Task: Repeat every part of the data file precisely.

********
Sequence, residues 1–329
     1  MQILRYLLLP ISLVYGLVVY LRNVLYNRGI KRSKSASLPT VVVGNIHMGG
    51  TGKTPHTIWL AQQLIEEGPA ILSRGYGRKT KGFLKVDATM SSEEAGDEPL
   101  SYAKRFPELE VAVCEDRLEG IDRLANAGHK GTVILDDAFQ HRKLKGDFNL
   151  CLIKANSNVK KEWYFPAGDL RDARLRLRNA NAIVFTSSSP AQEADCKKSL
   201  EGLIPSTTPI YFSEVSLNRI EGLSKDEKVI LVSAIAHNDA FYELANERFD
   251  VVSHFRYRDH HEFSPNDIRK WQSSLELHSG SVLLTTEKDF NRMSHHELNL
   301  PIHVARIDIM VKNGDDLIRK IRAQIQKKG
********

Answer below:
Sequence, residues 1–329
     1  MQILRYLLLP ISLVYGLVVY LRNVLYNRGI KRSKSASLPT VVVGNIHMGG
    51  TGKTPHTIWL AQQLIEEGPA ILSRGYGRKT KGFLKVDATM SSEEAGDEPL
   101  SYAKRFPELE VAVCEDRLEG IDRLANAGHK GTVILDDAFQ HRKLKGDFNL
   151  CLIKANSNVK KEWYFPAGDL RDARLRLRNA NAIVFTSSSP AQEADCKKSL
   201  EGLIPSTTPI YFSEVSLNRI EGLSKDEKVI LVSAIAHNDA FYELANERFD
   251  VVSHFRYRDH HEFSPNDIRK WQSSLELHSG SVLLTTEKDF NRMSHHELNL
   301  PIHVARIDIM VKNGDDLIRK IRAQIQKKG